A New Resource for API Security Best Practices
Blog Article Published: 04/30/2021
The applicative infrastructure is becoming more and more complex due to different requirements, design patterns, and technologies. In many of these cases, one of those requirements is to connect other parties to systems, and in other cases, to connect systems to other parties. Nowadays, the most common connection method is to use Application Programming Interfaces (APIs).
Examples for API connectivity include:
- Connecting a SaaS application – a SaaS provider connecting to an application to read or write information and provide insights
- Connecting customer platforms – connecting a customer application (CRM, ERP, BI)
- Connecting a security or monitoring provider to an intern
API Security Considerations
Both deploying an API and consuming an API exposes an organization to different threats that may result in various risk levels. Areas of risk include API accessibility, the volume of data involved, the sensitivity of the data, integration frequency, data retention, third-party trust, and third-party security.
Building a thoroughly secure applicative infrastructure requires a planned, detailed, and on-going organizational process that enables the IT security / cybersecurity team to provide security architecture-related input about different components of the applicative infrastructure and the development lifecycle. As security practices and controls can be carried out across development, testing, and implementation ecosystems, security teams should provide guidelines that cover all these areas – which is not a simple task.
Security Guidelines for Providing and Consuming APIs
Enter the new Cloud Security Alliance (CSA) document – Security Guidelines for Providing and Consuming APIs. This new initiative is intended to be used by CISOs, Application Security Architects, Software Developers, and other related IT security personnel. The document focuses on providing these guidelines in a manner that corresponds with the development cycle phases of Design, Development, Testing, Implementation, and Monitoring.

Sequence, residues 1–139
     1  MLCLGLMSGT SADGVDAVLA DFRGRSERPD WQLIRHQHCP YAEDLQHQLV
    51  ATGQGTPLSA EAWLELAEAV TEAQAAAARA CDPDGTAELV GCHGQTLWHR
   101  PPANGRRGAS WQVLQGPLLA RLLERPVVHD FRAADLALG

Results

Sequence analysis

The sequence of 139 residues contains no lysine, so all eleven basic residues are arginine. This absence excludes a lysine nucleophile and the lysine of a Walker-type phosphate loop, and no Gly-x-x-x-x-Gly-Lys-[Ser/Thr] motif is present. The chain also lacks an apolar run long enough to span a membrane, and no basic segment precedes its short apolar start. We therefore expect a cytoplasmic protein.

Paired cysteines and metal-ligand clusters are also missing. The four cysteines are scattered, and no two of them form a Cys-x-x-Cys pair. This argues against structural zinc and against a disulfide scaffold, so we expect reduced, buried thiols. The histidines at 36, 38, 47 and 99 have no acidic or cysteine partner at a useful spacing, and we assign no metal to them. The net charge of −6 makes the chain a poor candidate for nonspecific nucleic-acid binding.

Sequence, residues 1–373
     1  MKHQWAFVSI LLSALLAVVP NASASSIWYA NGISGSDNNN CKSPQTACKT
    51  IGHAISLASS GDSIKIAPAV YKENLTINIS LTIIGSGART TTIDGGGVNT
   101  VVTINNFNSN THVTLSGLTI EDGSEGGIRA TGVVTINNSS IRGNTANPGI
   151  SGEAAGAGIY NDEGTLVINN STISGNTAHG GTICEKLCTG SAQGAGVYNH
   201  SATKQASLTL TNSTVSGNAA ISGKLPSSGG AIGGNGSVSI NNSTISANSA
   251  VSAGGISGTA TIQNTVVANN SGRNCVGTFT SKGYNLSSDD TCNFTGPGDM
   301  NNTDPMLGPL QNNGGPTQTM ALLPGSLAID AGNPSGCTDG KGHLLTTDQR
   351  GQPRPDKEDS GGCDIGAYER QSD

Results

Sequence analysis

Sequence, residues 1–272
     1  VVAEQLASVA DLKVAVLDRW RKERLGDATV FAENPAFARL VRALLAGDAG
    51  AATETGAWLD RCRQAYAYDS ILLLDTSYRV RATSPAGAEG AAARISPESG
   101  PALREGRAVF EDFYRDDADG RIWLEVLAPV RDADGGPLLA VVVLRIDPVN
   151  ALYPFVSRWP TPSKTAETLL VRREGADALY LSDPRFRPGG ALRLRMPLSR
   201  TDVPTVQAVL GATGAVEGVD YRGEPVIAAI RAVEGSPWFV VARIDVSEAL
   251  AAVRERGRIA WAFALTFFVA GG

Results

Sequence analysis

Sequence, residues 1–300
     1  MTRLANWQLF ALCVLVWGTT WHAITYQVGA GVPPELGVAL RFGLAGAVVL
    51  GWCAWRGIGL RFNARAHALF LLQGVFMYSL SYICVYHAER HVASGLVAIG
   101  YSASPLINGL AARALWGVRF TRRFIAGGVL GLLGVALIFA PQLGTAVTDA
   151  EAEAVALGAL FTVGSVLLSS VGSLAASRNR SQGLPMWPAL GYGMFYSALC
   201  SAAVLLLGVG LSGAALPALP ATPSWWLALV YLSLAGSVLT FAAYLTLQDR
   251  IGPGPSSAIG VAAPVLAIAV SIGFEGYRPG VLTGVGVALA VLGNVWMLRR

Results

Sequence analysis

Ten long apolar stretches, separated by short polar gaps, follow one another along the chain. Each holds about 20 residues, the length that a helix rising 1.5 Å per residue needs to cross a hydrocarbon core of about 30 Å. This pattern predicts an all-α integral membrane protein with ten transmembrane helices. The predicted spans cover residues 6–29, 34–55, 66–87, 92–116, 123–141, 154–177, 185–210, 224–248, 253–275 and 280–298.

The document provides a framework to tackle the aforementioned task in a thorough manner and consists of a usable list of security considerations to estimate the risk involved with a specific connectivity and a technical checklist of security controls that are divided in the document by the different phases of the development lifecycle. It can also be used as an internal reference or the basis for the creation of in-house standards and processes.
Scope of the Document
The document is composed of two parts:
- Risk assessment for connectivity: The purpose of Part 1 is to understand the risk associated with third-party connectivity and the business impact.
- Control checklist for secure connectivity: The purpose of Part 2 is to provide security controls for third-party access. There are two parts to this checklist: ingress access and egress access.
There are also four appendices, covering two additional use cases of secure connectivity:
A. Mapping the controls checklist to OWASP API security top ten
B. Reading/writing internal data directly to a local infrastructure service (i.e., accessing a bucket or direct database access)
C. Connecting third-party applications or components from marketplaces
Using the new document, organizations will be able to benefit from the secure establishment of APIs or third-party connectivity based on industry best practices and recommendations.
Download the full paper, Security Guidelines for Providing and Consuming APIs, to learn more.
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